A Wrinkle in College Park
By SunbonnetSmart.com on February 05, 2012
Second in a series of three.
If a tree falls in a forest and there is no one there to hear it, does it make a noise?
If I can't see, touch, taste, hear or smell something, does it exist? If I am sitting in the same space as I was in 1975, but I am physically in 2012, where am I if I am thinking about being there in 1975?
If the University of Maryland Terrapin is painted like Kermit the Frog, is he a Terrapin or Kermit?
Can he be both? Do they both exist in the same space?
Can I be in both 1975 and 2012 at the same time?
Large Terrapins were creatively painted and placed all over the
University of Maryland Campus. It was only natural that love for
Jim Henson result in this "logically extreme" Kermit Terrapin.
It seems only natural that while I was sitting down drinking my coffee and reading my new book, my mind would wander to the powers of the mind as they relate to time and space. How in the world could it be almost forty years since the Co-op opened: almost forty years since I ate my first alfalfa sprout, hummus and whole wheat sandwich?
Maybe because there is a large Department of Engineering at the University of Maryland, College Park, and maybe, because of the book and movie The Secret, there is a wide current interest in studying quantum mechanics. Yes, a casual study of light, energy, time, matter and reality is popular, judging by the selections on YouTube, and I feel a part of it. Or, maybe because Kermit the Frog was beckoning to the space time continuum located in my corner of the Co-op, I couldn't keep my mind on reading my book.
Quantum Mechanics has lots to say about space,
time and creating your own reality.
First, I saw Craig coming through the door of the Co-op, I couldn't believe the coincidence that he would be coming into the Co-op right here, right now. But, wait was he there? No, no not there. That was years ago. Craig dated my girlfriend Carol. I wonder how she is? No wait, they got married in 1976. I was there for the wedding. So strange. It seems so real. Geeze! That guy over there! I know him! Phil! I always liked Phil. No, wait...it couldn't be him. This person is young, Phil would be forty years older...I don't know that I would want to call to him anyway. It would seem if he hasn't called me by now, he's not going to.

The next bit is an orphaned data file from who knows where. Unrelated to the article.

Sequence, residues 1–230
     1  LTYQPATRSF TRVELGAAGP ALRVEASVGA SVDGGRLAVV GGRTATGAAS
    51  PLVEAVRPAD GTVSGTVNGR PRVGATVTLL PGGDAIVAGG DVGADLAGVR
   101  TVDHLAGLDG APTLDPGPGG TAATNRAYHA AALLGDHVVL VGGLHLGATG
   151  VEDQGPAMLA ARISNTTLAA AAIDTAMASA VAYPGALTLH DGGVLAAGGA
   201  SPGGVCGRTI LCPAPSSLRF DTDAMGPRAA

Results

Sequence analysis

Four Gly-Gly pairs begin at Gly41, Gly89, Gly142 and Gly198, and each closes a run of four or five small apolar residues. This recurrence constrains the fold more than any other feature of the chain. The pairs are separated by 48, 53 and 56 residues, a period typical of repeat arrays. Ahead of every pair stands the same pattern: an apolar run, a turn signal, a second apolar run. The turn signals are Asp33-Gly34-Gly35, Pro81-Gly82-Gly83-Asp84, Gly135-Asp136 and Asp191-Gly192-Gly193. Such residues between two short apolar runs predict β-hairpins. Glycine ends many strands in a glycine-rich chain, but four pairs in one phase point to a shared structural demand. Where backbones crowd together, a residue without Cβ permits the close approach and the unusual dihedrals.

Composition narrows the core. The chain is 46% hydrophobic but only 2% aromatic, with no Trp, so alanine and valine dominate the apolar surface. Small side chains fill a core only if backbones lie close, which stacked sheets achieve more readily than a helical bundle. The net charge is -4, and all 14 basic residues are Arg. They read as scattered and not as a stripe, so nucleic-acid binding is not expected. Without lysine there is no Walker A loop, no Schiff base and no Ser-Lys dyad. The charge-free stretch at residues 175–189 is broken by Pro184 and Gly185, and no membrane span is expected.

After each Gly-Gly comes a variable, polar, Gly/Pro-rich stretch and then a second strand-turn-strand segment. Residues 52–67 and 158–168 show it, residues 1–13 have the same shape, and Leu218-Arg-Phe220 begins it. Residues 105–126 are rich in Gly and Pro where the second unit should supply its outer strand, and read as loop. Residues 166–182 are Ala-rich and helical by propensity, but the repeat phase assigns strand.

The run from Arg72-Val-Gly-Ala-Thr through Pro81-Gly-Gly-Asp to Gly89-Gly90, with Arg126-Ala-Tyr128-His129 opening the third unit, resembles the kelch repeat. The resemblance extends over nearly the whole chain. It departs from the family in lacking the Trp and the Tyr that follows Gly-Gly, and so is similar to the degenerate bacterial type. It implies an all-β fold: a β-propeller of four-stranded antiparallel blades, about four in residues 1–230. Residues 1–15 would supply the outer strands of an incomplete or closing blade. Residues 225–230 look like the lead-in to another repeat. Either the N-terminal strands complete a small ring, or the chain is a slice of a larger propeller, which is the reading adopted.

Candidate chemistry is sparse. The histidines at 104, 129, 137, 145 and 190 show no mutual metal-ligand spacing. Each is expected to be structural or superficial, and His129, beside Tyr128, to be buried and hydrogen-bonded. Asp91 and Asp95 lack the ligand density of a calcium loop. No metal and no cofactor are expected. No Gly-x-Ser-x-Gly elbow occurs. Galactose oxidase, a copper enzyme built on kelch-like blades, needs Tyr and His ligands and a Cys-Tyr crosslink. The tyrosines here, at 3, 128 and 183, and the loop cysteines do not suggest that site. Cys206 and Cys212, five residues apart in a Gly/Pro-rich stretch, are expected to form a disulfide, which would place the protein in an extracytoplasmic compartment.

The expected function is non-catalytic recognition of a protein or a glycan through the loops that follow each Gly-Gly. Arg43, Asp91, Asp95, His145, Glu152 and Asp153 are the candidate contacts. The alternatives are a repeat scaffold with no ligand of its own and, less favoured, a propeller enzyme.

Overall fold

Everywhere in the Co-op, I saw auras and beacons of
other dimensions, no wait, those were just art student's
canvases hung up on the walls...or were they?
Going back and forth between two time periods reminded me of my favorite book of childhood, A Wrinkle in Time by Madeleine L'Engle. The most amazing concept it presented was time and space travel illustrated by an ant on a string. If you take an ant and let it walk across a length of string you hold between your hands, it takes a certain length of time for it to walk from one hand to the other.
But, if you hold the same string in your hands and bring your hands together, the ant can travel from one end of the string to the other, covering the same length of space represented by the string, but in a much shorter period of time. And in an amazingly ironic twist, this is the fiftieth publication anniversary of A Wrinkle in Time.
Fifty years! How could that be!?!? Published in 1962? Oh my goodness, it seems like only yesterday. Through what worm hole have I traveled? One minute, I'm taking A Wrinkle in Time out of the library with my very own library card---varoom!---the next minute I'm sitting at the University Food Co-op celebrating a half century of publication. Very strange...
Worm holes and stargates of the mind are powerful moderators
of reality. Have you ever had a dream that seemed so real you
continued reacting to it even after awakening? Was it a dream?
Or were you actually there?
Trying to get firmly back into the present, I intentionally ignored images from the 1970s and thoughts of my childhood. I had a good book to read and some great food to eat, and I knew nothing would keep me anchored like a hot cup of coffee. I limited my thoughts in order to concentrate on my new book, Becoming Flame, the venture into Mother Daughter wisdom written by one of BlogHer's own muses, Isabel Anders.
After spinning through worm holes and peeking into stargates at the Co-op, it was a relief to finally settle down and settle into a good book. This, I had been told, was a good book. And never mind that Isabel Anders was mentored by A Wrinkle in Time's author, Madeleine L'Engle, who wrote the introduction to Ms. Anders' book, Awaiting the Child.
Surely reading a few chapters of Becoming Flame would be calming and not result in deep reflection and undue mental exercise. I would be able to relax with this unassuming publication and move on to the rest of my day with a clear head...
...or would I?
Next: Share Becoming Flame by Isabel Anders
This post features an original acrylic painting,
Nebula Painting #1,
by Jenna Parry, a Univeristy of Maryland studio art student.
SunbonnetSmart.com is authored by a little bird who loves to lure unsuspecting BlogHer bloggers to her web site.
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